Dr. István Hornyák, scientific associate at Semmelweis University’s Institute of Translational Medicine received the Semmelweis Innovation Award 2022 for the development of cell scaffolds that help tissue formation. Together with Dr. Adel Hinsenkamp, a former researcher at the university, he received the award in the category of the most innovative research. They succeeded in patenting the procedure in Europe and the USA and are currently negotiating with investors to bring the development to the medical field. Dr. István Hornyák sees the secret of success in innovative thinking: from the very beginning, their goal was to create a tool that could be used in clinical work.

Hyaluronic acid is a viscous, fluid-like substance, a sugar compound that can be found in the skin, the eye and the cockscomb, for example,” said Dr. István Hornyák presenting the path to the patent. The scientific associate at the Institute of Translational Medicine’s Tissue Engineering Laboratory explained that an adult human body contains about 15 grams of hyaluronic acid, which is used in the body to maintain skin elasticity or reduce friction in joints. Very little of it is needed to make a gel as viscous as the 1.6 percent solution they are working with in the lab.

It is also a popular ingredient in various cosmetic products because of its skin rejuvenating properties. Since its human applications have been known for decades, it has been investigated to see how it could help the body’s regenerative processes when replacing tissue deficiencies or in case of surgical correction – but there have also been claims that it could be used to correct certain birth defects such as cleft lip.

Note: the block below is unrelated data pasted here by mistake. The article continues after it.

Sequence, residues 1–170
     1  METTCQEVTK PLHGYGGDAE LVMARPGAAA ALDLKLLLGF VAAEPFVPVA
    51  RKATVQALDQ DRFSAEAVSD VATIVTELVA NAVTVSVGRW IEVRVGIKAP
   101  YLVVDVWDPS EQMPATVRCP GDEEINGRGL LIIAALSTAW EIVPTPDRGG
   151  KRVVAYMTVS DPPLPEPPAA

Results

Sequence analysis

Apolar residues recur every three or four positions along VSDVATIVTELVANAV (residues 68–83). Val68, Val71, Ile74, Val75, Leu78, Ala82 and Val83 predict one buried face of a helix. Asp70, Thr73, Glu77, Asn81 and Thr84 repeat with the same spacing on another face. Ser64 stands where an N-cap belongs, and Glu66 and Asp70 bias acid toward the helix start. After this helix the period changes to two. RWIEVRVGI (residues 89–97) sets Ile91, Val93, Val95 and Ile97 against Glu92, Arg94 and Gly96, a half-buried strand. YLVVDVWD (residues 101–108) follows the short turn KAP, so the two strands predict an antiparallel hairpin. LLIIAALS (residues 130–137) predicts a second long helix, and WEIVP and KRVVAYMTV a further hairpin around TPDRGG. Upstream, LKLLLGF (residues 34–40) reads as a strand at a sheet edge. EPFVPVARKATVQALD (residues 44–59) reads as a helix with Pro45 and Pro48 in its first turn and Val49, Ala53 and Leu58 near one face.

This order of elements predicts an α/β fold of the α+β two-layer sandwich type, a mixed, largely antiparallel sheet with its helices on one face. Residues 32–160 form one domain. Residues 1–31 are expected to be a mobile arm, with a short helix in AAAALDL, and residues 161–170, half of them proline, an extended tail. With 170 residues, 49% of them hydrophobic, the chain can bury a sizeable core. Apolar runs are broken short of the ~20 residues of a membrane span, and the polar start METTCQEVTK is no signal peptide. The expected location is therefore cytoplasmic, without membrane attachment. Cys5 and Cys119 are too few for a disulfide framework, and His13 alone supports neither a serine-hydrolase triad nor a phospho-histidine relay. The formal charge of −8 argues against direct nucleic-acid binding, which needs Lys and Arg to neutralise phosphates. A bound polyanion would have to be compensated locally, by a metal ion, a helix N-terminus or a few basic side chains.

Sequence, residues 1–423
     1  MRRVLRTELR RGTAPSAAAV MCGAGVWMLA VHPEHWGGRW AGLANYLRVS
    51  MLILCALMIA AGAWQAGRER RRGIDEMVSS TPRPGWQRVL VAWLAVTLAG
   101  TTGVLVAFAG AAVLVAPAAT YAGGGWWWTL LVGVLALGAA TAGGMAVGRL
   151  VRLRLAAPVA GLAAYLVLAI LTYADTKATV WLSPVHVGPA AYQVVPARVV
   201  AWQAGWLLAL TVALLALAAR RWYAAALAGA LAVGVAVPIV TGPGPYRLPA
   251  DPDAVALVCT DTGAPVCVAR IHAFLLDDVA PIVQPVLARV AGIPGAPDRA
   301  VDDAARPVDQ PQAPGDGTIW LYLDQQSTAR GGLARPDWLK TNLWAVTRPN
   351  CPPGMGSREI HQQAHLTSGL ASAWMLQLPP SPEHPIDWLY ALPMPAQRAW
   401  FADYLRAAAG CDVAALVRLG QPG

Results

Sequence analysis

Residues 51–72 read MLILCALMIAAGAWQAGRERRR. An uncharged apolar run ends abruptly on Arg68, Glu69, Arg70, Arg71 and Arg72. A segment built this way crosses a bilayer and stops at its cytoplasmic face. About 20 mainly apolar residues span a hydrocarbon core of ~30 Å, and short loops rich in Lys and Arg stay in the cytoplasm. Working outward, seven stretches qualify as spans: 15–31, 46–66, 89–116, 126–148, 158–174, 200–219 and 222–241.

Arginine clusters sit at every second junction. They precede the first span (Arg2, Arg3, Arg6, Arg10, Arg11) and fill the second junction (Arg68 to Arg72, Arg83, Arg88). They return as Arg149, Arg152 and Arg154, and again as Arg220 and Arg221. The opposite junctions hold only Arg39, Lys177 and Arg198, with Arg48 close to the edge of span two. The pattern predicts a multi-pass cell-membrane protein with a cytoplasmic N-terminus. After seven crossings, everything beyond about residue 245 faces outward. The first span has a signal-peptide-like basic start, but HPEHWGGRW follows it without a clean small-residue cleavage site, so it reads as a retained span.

In the first stage of the research, hyaluronic acid, as a liquid-soluble compound, was made into a solid, cushion-like spongy material by lyophilisation (moisture extraction by freeze-drying) and made water-insoluble by cross-linking, which met the conditions of the experiment: the aim was to keep the material stable in the organ, because if you just inject native hyaluronic acid, it quickly breaks down and dissolves in the body. Hyaluronic acid alone is not conducive to the integration of cells and tissues, so to promote remodeling, the spongy material was coated with fibrin from blood plasma, which the cells could adhere to and develop. The idea was inspired by a mechanism from wound healing, the suturing that is triggered by surface injuries and facilitated by fibrin. The resulting cushion-like material is the cell scaffold itself. It has been shown in in vitro stem cell experiments and in experimental mice that it provides a suitable environment for cells to thrive and to promote blood vessel formation and thus tissue regeneration.



His research at Semmelweis has given Dr. István Hornyák a successful and innovative experience.
“One of the most important experiences I had was being involved every step of the way as an idea became a licensed medical device in my hands. It’s a long process, it took about six years, and I succeeded with the help of Hungarian, Austrian, Swedish and Irish partners”
The cell-scaffold development that has just been awarded a prize also turns out to be a patentable process. It has been the subject of several journal articles and has won awards at conferences. He stressed that when the idea was born, they already had enough experience to know what biocompatible materials and interventions to work with in order to develop a licensable product.
Dr. István Hornyák and his colleagues are currently developing a medical device using hyaluronic acid cell scaffolds. The development costs here are an order of magnitude higher, up to 10-15 times the amount of money available in university tenders. That is why they now need to move on: they will present their results and the potential market return to a potential investor.


Róbert Tasnádi
Translation: Gábor Kiss
Photo: Bálint Barta – Semmelweis University